Trump will meet with Putin at the height of the cold war sentiments

Relations between Russia and the United States have bottomed out under President Obama — and there they remain when trump said a senior Russian politician newspaper Politiken ahead of the summit in Hamburg.

The summit will meet two of the most powerful man in the world. But it would be naive to expect anything significant from the meeting, which will take place this week between the presidents of Donald trump and Vladimir Putin in Hamburg, I think both Russian and American experts on security policy.

“Almost pointless to hope for a full and constructive negotiations”, — said Konstantin Kosachev, a state Duma Deputy, Chairman of the Federation Council Committee on international Affairs, to the newspaper Politiken.

In his opinion, positively, that the two presidents will meet, and will be able to “sit together, talk, get to know each other, look each other in the eye.” But the Russian MP believes that, given the hype around the alleged Russian interference in U.S. elections, Donald trump will “fear the consequences of a constructive meeting.”

“If they just agreed to scheduled, complete the meeting in a month or two, it will be a positive development,” said Kosachev.

On the question of whether relations between Russia and the United States better or worse than six months ago, when trump was not yet President, Russian MP says:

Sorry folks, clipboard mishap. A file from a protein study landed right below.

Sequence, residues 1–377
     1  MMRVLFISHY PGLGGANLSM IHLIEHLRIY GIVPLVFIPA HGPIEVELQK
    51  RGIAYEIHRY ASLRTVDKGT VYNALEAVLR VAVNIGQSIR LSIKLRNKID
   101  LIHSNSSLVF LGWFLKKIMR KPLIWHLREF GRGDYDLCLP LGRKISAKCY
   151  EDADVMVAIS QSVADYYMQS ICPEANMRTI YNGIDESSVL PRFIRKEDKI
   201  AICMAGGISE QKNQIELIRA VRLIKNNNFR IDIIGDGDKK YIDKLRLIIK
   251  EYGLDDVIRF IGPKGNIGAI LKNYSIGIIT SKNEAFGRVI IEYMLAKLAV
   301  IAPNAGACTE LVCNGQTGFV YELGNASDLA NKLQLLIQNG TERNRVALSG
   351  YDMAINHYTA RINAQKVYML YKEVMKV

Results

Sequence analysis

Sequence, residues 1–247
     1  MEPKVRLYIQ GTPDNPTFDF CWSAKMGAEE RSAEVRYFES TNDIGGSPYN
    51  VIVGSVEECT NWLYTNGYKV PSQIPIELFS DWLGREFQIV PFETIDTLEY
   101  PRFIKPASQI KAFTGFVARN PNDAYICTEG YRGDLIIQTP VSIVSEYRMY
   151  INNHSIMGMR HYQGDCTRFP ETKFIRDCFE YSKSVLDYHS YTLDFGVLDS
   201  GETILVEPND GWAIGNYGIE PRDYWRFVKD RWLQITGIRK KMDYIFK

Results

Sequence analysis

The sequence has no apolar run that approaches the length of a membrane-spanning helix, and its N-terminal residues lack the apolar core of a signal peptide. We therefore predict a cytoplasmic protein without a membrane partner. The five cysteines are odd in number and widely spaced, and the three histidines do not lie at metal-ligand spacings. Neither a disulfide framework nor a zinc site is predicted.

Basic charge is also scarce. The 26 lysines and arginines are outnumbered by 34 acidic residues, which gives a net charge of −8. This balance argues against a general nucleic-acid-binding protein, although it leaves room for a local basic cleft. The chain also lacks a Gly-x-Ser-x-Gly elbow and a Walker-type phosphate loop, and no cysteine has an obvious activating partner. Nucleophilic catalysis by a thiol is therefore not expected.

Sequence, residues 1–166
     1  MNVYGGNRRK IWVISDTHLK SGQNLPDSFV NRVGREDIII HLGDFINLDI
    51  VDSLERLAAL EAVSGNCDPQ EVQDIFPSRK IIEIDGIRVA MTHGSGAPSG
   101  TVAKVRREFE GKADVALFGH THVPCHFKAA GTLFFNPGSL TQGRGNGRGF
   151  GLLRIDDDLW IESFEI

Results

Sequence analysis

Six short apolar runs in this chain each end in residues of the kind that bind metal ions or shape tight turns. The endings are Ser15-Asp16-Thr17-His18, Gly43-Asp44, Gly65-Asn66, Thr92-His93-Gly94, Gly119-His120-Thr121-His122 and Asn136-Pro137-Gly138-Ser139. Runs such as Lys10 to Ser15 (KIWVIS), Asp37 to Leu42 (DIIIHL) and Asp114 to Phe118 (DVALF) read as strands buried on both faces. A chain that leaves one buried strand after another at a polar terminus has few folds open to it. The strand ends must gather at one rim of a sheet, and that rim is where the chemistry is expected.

“All as bad as it was. They reached the bottom under Obama and remain to this day”.

The conference in Moscow

The answer is quite well reflects the gloomy mood that prevailed among the experts on political security from Russia, USA and Europe at a conference in Moscow last week. It was called “Primakov read” in memory of the late Russian foreign Minister and Prime Minister Evgeny Primakov.

At the conference, several presenters talked about the cold war number two as a fact. Sounded warnings about a nuclear Holocaust. Many have described the situation more dangerous than during the previous cold war, as now there are more actors, and because the communication is worse now than at the time was between the United States and the Soviet Union. As an example, cited the dialogue between the superpowers in the 1970s and 1980s, which also led to the signing in 1975 of the Helsinki Declaration on security and cooperation in Europe.

“Relations between the US and Russia are in ruins. And very likely, they will become worse” — so began the speech of the first speaker, an American expert on disarmament Robert Legvold (Robert Legvold).

“I agree with the statement that will be even worse. I have no optimism about this,” confirmed the next speaker Sergei Rogov of the Institute of USA and Canada studies in Moscow.

“Nuclear war is no longer considered as something catastrophic. It again has become a political tool and a means to influence the crisis,” said Russian expert on disarmament and Alexei Arbatov noted that Russia and the United States for the first time are at war in the same country of Syria without being allies, not coordinating their actions and reaching agreement on one of the other actors of the conflict to be considered enemies and who friends.